Accountability reflects the degree to which clinicians or health plans take responsibility for the care they provide and the extent to which they are legally and morally answerable for important attributes of that care, such as quality, patient satisfaction, and efficient use of services. Accountability also involves continuing oversight of the patient's condition and placing occasional acute events in the context of a patient's problems. Being accountable also implies some obligation to maintain adequate, accurate, and retrievable records on patients. As implied above with respect to computer-based patient records, primary care can serve as the hub of an integrated health information system; clinicians can increase the accountability of the system by maintaining patient records of, among other things, medications, allergies, laboratory test results, and family medical histories. Such information serves a variety of purposes. For example, by reviewing
test results, tracking abnormal findings, and making sure patients know about these results, members of a primary care team can ensure that the health system is accountable for follow-up when it is needed. All such information can help patients avoid the problems that sometimes result when they see many different health practitioners, no one of whom has all the relevant information.
Myron Laramie, now 70 years of age, had triple bypass surgery 10 years ago. His current medical problems include diabetes, which he controls with diet; benign prostate enlargement, which his general internist, Dr. Mishalani, checks periodically; and recurrent depression, for which he sometimes takes medications. Recently, he had a cataract operation in his left eye. In all, Mr. Laramie takes six different medications—some several times a day, some daily, and some only when needed—each of which, taken one by one, is effective for a given condition. Mr. Laramie finds it hard to keep track of doses and to recognize side effects and interactions among these medications. Dr. Mishalani knows that overuse of medication in older patients is an important clinical issue and that, if possible, it is preferable to reduce the number of medications a patient must take. Dr. Mishalani cautiously starts a program of carefully withdrawing medications that may not be absolutely necessary. He monitors these medications and helps Mr. Laramie know how to recognize and manage potential side effects and interactions that may arise in the future. The doctor also tracks changes in Mr. Laramie's overall health status and his ability to function independently and confers with specialists who are also treating Mr. Laramie.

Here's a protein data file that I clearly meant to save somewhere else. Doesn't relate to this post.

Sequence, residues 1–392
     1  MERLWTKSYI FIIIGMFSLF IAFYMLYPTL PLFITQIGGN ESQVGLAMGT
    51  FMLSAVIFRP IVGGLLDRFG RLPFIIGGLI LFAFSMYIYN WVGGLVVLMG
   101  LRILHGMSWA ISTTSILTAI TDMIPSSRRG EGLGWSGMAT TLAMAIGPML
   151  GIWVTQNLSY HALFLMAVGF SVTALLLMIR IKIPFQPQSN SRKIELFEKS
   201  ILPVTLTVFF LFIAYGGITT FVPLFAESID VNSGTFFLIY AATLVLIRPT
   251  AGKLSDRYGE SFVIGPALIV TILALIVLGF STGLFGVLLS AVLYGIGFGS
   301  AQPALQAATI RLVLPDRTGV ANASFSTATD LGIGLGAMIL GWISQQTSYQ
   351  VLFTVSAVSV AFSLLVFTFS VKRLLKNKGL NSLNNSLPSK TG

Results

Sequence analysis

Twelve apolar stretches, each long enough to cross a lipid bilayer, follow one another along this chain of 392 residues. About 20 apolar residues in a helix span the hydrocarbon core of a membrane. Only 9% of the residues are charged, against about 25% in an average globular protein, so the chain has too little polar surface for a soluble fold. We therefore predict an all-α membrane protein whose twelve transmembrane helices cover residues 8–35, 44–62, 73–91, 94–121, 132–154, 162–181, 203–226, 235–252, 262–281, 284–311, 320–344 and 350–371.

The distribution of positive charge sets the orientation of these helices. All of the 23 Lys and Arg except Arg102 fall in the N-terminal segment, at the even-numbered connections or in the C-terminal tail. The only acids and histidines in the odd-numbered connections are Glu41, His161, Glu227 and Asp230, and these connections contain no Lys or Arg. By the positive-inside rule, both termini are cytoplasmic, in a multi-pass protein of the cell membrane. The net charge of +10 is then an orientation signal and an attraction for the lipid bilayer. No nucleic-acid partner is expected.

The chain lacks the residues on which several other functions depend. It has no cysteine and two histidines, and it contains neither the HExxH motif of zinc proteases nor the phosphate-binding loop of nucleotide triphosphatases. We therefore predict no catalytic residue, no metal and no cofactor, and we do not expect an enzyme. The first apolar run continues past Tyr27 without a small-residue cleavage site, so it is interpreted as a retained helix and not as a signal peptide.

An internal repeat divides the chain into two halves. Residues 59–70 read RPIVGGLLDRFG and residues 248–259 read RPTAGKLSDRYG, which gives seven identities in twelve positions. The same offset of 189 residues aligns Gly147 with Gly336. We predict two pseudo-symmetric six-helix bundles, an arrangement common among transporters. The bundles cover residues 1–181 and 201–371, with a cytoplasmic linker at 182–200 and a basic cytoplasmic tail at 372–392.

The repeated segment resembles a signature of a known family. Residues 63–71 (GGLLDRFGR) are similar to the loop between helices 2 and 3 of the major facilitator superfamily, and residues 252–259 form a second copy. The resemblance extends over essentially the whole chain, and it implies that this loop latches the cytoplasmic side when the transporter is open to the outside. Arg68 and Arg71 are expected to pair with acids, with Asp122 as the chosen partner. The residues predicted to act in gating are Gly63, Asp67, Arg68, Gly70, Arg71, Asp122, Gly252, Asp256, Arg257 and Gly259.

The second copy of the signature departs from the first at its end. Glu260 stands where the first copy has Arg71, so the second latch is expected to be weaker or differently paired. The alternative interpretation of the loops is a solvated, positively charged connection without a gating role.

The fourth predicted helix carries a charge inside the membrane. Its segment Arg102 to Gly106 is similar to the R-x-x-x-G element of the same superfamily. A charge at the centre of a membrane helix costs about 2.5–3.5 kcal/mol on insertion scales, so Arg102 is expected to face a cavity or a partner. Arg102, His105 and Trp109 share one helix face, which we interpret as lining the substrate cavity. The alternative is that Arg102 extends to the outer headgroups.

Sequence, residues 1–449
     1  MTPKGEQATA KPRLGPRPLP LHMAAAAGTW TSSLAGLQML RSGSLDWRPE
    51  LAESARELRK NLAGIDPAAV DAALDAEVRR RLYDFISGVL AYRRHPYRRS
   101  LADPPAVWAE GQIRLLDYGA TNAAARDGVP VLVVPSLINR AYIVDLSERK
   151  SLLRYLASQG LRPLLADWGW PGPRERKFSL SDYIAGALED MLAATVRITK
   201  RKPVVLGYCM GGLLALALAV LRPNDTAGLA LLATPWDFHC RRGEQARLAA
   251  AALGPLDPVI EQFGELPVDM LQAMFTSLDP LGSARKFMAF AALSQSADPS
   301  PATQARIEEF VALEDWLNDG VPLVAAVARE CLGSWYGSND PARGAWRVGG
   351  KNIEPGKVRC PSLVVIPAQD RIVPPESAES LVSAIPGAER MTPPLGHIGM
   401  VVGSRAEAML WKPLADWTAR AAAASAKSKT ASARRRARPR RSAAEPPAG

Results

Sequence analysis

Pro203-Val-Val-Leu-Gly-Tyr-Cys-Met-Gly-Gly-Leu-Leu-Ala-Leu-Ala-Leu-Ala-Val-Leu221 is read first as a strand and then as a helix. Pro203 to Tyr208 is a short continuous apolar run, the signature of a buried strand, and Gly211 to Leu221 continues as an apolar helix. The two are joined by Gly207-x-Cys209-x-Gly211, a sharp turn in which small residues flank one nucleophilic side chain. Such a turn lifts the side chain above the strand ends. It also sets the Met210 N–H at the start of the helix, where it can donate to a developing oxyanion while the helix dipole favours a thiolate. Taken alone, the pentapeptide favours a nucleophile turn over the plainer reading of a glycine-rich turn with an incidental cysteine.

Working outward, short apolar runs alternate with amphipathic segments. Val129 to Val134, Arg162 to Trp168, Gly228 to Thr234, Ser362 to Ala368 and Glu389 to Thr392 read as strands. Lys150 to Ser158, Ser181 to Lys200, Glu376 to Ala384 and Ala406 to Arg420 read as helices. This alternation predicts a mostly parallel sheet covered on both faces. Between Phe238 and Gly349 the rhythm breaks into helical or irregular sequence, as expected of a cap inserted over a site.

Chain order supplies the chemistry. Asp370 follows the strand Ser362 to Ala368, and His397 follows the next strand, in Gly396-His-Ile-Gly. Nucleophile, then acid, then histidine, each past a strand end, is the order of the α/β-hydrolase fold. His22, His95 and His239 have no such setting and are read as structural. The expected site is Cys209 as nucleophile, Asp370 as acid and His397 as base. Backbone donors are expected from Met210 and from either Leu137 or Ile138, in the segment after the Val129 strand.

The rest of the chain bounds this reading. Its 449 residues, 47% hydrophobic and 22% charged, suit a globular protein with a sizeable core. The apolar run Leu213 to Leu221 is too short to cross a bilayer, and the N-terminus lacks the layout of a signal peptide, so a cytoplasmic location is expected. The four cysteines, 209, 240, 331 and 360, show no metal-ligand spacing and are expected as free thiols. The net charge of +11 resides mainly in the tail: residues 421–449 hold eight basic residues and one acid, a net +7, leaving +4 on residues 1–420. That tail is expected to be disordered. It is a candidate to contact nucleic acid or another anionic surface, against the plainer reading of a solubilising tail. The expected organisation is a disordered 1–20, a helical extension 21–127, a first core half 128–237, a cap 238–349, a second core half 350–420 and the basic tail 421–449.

Preventing Illness and Detecting Diseases Early
At all ages, patients benefit from the proactive stance that primary care physicians, nurse practitioners, and physician assistants can take to listen, ask questions, and provide information. Indeed, primary care is often considered the front line for many aspects of health promotion and disease prevention.